This urge to be able to be productive made me realize how much I do for others in my life. This type of selflessness that I continue to partake in every day that I had a hard time letting go of with this protest. When it comes to taking care of myself, I tend to place myself below others. This was extremely surprising to me. In the field of counseling, you are taught the importance of putting yourself first, and I have been through many different pieces of training, seminars, workshops, etc that really drills this point and provides tools in order to make sure you are engaging in self-care. While I enjoy helping others and receive a lot from that, I also need to take some time to do for myself. The truth is that right now I am able to be very selfish because it is just me and my husband, but one day there will be more people that I will take responsibility for such as children, pets, and aging parents. This was a reminder to take full advantage of putting myself first right now in my life, many good women fought for me to have this opportunity.

Throughout the entire experience, I found myself reaching out to my fellow women all over the world to get their perspective on what they were doing with this day, how they are dealing with certain things as they came up and how we could support each other in this protest. I became more aware of how this protest really did pull women together even if we were physically together, we pulled from each other’s strengths, share in ideas, support one another. This protest took on a new meaning for myself, while I stand alone in my house really, I stand together with many females all over Mexico. While some females did not have the option to protest due to financial reasons, but their presence was still felt. The cheese saying “one for all, and all for one” rang true to my ears. For this moment we were no longer Americans, Mexicans, British, Canadians, we were all women who were tired of violence being used as an acceptable part of life.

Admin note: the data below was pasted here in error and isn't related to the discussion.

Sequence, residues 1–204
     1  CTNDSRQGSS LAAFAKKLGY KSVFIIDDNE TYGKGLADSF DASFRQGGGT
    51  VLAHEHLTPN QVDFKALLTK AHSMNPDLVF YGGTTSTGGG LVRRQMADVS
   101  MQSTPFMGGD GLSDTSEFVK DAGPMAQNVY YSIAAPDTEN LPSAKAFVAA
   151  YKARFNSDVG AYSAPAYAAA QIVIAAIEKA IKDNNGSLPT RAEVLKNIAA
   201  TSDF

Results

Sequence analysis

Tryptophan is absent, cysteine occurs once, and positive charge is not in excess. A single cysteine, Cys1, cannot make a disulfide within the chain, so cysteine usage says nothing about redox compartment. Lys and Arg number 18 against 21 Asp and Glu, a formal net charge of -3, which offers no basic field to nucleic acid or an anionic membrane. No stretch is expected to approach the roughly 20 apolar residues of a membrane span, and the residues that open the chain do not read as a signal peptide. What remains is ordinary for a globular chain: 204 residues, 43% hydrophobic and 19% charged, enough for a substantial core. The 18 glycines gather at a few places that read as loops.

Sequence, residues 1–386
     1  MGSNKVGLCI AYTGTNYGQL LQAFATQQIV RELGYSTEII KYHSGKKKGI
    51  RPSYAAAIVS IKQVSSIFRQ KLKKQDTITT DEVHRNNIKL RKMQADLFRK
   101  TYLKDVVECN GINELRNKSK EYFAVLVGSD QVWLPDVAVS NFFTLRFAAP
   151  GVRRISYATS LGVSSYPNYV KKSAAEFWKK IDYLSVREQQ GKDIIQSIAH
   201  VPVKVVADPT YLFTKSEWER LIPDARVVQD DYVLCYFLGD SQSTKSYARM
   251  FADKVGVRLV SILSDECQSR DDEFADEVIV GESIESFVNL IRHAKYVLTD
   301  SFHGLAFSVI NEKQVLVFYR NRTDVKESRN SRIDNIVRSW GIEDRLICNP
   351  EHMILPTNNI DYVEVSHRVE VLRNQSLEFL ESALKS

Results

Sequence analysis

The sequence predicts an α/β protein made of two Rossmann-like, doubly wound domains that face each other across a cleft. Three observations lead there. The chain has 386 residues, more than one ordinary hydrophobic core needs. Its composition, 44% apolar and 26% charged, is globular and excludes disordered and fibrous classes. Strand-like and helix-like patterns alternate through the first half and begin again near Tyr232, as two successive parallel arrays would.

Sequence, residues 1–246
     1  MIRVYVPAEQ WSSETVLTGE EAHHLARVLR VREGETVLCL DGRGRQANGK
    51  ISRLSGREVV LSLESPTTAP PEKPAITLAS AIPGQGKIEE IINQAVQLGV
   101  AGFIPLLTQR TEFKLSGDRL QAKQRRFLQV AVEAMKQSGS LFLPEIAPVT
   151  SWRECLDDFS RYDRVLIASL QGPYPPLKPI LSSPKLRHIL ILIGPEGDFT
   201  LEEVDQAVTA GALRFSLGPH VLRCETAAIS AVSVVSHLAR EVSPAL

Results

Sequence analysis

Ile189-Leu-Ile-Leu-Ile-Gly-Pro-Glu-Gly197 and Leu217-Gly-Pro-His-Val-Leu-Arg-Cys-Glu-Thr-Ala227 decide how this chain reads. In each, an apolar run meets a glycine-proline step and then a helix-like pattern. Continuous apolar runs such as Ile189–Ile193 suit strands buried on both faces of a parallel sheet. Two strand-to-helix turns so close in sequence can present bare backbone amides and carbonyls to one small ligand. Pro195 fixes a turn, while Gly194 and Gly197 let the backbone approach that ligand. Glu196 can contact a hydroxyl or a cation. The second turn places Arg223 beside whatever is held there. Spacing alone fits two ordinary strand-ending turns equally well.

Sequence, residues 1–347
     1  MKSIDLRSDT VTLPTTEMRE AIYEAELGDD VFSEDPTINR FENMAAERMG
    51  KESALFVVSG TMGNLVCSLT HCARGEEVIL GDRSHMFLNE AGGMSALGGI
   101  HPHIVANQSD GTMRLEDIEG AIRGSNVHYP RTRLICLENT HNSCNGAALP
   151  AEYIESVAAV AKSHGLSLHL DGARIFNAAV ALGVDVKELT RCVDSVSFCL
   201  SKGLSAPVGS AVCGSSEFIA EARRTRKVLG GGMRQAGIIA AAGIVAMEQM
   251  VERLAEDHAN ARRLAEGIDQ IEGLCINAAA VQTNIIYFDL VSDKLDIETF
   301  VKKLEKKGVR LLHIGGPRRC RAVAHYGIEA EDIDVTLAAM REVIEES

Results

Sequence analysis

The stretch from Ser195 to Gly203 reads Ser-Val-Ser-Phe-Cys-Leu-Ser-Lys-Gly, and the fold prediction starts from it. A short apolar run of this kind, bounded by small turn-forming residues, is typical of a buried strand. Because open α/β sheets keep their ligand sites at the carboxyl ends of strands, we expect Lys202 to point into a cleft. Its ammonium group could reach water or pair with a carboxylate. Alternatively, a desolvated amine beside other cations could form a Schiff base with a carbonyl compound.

No matter where you are in the world if you see something that is horrible there are many ways or things that you can do to help. While there are laws in place that I am not allowed to get involved with political affairs in Mexico there is nothing that says I am not allowed to speak to women about their story, empower women to ask for what they want, and donate money to organizations I feel could help. Those are ways that I have found to be able to help here in Mexico, but they aren’t the only ways. I asked many individuals who knew about the cause for assistance in finding ways in which I can help and feel a part of this fight I feel so strongly about. Violence against women is something that affects the world, not just Mexico, and we cannot be a bystander in this fight.